Researchers based in DCU’s School of Biotechnology and the National Institute for Cellular Biotechnology have identified new therapeutic targets for pancreatic cancer.
This study was performed by comparing the biological differences between an aggressive and non-aggressive lab model of pancreatic cancer.
The article published in the Journal of Oncology by the Naomi Walsh Cancer Research Group, in collaboration with partners in St. Vincent’s University Hospital, identified that let7c, a microRNA, which acts to control different genes, is lower in the more aggressive models of pancreatic cancer.
Shannon Nelson a PhD student and the first author of the publication said: “We were able to identify potential genes which let7c controls and identified SOX13. We found that SOX13 is more highly expressed in patient tumour samples than in the normal pancreas.”
Pancreatic cancer lab models were used to see what SOX13 does, it was found that when SOX13 was removed from the cells they became less aggressive.
“Pancreatic cancer has the worst outcome of all cancers, with a 5-year survival rate of only 9%,” Nelson said. “While this is a slight improvement from 30 years ago, it is marginal compared to the massive improvements which have been made in other diseases like breast cancer.
“It is our hope that this work will add to the ongoing research within the wider pancreatic cancer research field and can contribute to improving outcomes for patients.”
Nelson, who has studied pancreatic cancer for the past four years, is a final year PhD student based in NICB under the supervisor of Assistant Professor Naomi Walsh.
Nelson has also developed better laboratory models of the disease to better represent how pancreatic cancer grows in patients. This will improve the preclinical research of the disease.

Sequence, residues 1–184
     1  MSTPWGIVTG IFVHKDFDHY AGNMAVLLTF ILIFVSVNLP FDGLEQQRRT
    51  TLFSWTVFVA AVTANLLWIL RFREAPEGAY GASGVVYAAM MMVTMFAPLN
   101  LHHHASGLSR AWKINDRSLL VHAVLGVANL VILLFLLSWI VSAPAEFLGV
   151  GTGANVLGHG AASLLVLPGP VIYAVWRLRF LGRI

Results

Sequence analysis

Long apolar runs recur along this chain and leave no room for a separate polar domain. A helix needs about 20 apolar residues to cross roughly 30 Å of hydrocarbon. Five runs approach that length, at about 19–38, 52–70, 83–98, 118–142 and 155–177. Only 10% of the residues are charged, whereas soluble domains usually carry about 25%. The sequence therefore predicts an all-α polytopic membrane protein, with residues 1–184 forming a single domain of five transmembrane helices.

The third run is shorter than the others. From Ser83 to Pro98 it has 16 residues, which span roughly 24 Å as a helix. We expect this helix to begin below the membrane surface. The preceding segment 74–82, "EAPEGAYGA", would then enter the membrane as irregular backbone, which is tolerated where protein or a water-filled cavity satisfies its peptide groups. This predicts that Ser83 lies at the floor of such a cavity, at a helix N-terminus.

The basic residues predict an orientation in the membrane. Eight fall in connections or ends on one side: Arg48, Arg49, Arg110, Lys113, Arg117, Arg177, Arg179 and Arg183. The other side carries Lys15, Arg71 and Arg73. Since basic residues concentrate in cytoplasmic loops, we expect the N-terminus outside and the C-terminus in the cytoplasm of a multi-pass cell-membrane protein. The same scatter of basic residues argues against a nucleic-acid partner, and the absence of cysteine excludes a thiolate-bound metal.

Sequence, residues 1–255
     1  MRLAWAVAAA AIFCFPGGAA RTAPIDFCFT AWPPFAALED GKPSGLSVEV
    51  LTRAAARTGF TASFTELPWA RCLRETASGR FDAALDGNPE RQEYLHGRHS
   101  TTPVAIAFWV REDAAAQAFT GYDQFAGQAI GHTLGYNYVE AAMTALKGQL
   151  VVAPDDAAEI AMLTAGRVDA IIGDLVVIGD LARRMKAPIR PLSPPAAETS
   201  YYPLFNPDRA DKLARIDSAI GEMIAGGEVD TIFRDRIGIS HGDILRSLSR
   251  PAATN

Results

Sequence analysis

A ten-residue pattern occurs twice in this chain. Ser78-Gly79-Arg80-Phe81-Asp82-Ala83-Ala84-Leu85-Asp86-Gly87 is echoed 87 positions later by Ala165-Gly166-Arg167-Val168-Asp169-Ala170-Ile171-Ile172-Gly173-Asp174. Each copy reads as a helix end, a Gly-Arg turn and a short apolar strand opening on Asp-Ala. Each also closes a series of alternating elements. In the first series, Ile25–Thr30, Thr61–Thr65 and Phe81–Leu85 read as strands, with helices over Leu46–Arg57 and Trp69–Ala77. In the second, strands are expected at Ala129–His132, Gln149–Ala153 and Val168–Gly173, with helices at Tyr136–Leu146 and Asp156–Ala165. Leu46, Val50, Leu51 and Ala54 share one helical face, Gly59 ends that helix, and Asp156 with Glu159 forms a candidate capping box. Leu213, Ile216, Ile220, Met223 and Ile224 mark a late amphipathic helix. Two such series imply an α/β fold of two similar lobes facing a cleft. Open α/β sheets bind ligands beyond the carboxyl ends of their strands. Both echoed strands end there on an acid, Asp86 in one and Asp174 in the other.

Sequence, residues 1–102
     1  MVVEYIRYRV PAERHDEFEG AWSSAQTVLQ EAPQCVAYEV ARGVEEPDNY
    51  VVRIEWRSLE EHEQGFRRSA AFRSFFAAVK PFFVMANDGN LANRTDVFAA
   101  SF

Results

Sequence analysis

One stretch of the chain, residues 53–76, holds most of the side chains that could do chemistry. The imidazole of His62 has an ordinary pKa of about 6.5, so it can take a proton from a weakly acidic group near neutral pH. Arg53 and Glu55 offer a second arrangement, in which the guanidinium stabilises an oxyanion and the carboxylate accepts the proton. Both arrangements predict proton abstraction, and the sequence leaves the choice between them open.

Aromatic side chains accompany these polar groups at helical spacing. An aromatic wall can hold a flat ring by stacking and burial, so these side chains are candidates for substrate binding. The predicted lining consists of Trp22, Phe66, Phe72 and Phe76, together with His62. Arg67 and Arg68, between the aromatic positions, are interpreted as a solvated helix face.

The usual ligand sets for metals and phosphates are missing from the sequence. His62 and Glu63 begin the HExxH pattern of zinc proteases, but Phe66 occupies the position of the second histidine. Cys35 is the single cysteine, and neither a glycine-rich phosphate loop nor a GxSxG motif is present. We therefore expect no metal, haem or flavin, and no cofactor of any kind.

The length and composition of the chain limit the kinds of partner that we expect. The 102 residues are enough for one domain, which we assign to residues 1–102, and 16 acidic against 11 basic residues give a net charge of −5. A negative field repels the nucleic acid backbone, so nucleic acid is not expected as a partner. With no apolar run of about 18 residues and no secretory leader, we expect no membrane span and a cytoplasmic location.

She is working to identify biomarkers (an indicator of a disease) that will allow the identification of people who will go on to develop pancreatic cancer.
“Used in combination with other biomarkers, reduced levels of let7c and increased levels of SOX13 could potentially be used to screen patients to identify if they have pancreatic cancer,” said Nelson.
“However, as our work focused on lab models, and tumour samples, a number of studies would first need to be performed to identify if pancreatic cancer patients have different levels of let7c and SOX13 in their blood compared to someone without the disease.”
Dr Naomi Walsh, senior author of the publication said: “This study adds to the wealth of knowledge on the influence of microRNAs in the context of health and disease, and demonstrates the therapeutic potential of targeting miRNAs, such as the let-7 family, in the context of difficult to treat diseases such as pancreatic cancer.”
Image Credit: DCU